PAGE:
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O.R. Inside Your Low Cost Airline


Inside Your Airline

We're all aware of the huge growth of low cost airlines in recent years and it's no exaggeration to say that without O.R. inside, such airlines would not exist.

You may wonder how the low cost carriers manage to offer such surprisingly low fares. One thing, of course, is that by keeping their overheads down and cutting out frills like 'free' meals, they are able to run much leaner operations than the longer established airlines. But even so, the low cost carriers still can't afford to sell every seat at the headline prices - £9.99, £15 and so on - that you see advertised, or they would never recoup the cost of the flight.

There's another challenge that confronts every airline. Seats on any flight are perishable - once the plane has taken off, there is no possibility of selling any empty seats (the same applies to theatre tickets, hotel rooms, package holidays and seats on trains, for example). This being so, it pays an airline to fill a seat, even at a very low fare, rather than have it take off empty. But, as we've said, it simply isn't viable to sell every seat at a low price, so a mechanism has to be found for selling seats at different prices.

Fortunately for the airlines, there are different markets - some passengers want the lowest price and to get it are prepared to book well in advance, travel off peak and commit to using a specific flight; others want the flexibility to book at the last minute, and perhaps to switch flights, and are prepared to pay more - often as much as ten times more - for the convenience. So the skill is to offer a range of fares - very low fares to catch the headlines, pretty low fares for those on a tight budget, through to much higher fares for those prepared to pay for flexibility and convenience.

The real skill comes in working out how many tickets to sell at each fare. Ideally, on any flight, the airline would first like to see how many people are willing to pay the highest price, sell as many tickets as possible to them, then sell as many as possible at the next highest price, and so on, filling up any remaining seats at the cheapest price. Unfortunately they can't do it that way because, as we have seen, the kind of people who are willing to pay the higher fares often want to book at the last minute. So the airline has to do it the other way round, selling the cheapest tickets first and holding back some places at the higher prices. The difficulty with that is knowing how many seats to hold back, given that the number of bookings for any flight varies from day to day.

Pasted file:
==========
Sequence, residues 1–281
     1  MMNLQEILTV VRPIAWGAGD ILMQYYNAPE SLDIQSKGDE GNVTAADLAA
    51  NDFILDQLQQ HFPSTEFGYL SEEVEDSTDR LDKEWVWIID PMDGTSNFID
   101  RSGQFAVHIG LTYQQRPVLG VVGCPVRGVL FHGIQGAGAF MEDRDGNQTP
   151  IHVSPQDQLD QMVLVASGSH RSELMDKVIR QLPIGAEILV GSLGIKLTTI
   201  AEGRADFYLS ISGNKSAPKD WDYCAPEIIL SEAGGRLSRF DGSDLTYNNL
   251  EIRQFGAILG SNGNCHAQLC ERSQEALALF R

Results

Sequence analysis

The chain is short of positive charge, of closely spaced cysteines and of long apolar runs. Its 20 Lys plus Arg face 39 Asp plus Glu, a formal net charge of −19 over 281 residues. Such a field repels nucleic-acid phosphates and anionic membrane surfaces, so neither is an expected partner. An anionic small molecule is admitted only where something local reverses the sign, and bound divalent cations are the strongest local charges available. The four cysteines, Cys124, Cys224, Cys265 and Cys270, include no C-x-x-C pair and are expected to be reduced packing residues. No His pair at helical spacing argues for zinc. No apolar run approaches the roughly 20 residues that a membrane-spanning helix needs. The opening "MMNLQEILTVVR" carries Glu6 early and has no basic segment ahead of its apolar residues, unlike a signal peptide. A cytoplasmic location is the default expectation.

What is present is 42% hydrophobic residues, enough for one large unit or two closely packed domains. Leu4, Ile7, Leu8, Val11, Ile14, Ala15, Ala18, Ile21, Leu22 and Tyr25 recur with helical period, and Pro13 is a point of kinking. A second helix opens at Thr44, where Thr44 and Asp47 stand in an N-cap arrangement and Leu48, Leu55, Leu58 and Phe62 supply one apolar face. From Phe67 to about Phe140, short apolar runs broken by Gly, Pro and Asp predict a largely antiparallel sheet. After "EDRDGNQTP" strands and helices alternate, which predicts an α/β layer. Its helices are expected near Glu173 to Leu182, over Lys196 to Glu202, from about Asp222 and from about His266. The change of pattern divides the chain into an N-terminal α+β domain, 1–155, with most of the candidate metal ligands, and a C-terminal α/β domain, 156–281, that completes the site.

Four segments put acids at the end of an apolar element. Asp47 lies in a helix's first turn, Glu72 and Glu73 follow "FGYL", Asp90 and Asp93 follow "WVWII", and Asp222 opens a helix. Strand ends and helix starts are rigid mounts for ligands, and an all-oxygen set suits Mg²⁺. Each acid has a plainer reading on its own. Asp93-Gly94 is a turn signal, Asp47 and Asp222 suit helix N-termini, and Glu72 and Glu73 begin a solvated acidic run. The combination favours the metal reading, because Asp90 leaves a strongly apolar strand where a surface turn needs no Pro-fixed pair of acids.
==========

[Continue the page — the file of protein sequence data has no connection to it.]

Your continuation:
This is where the airline needs O.R. inside. By observing the day to day variations in the number of high priced tickets sold, the number of seats that need to be reserved to give high fare passengers the best chance of being able to get on the flight, even if they book at the last minute, can be estimated. But if all of those seats were always held until the last minute, then more often than not some of them would be left unsold. So the profile of bookings - how bookings come in over time - is monitored on a continuous basis, compared with the typical profile for the flight, and the number of seats held back is adjusted according to whether bookings are heavier or lighter than the typical profile. To do all this accurately and in such a way as to produce the best achievable results is difficult, and calls for some sophisticated analysis, which the O.R. inside provides.

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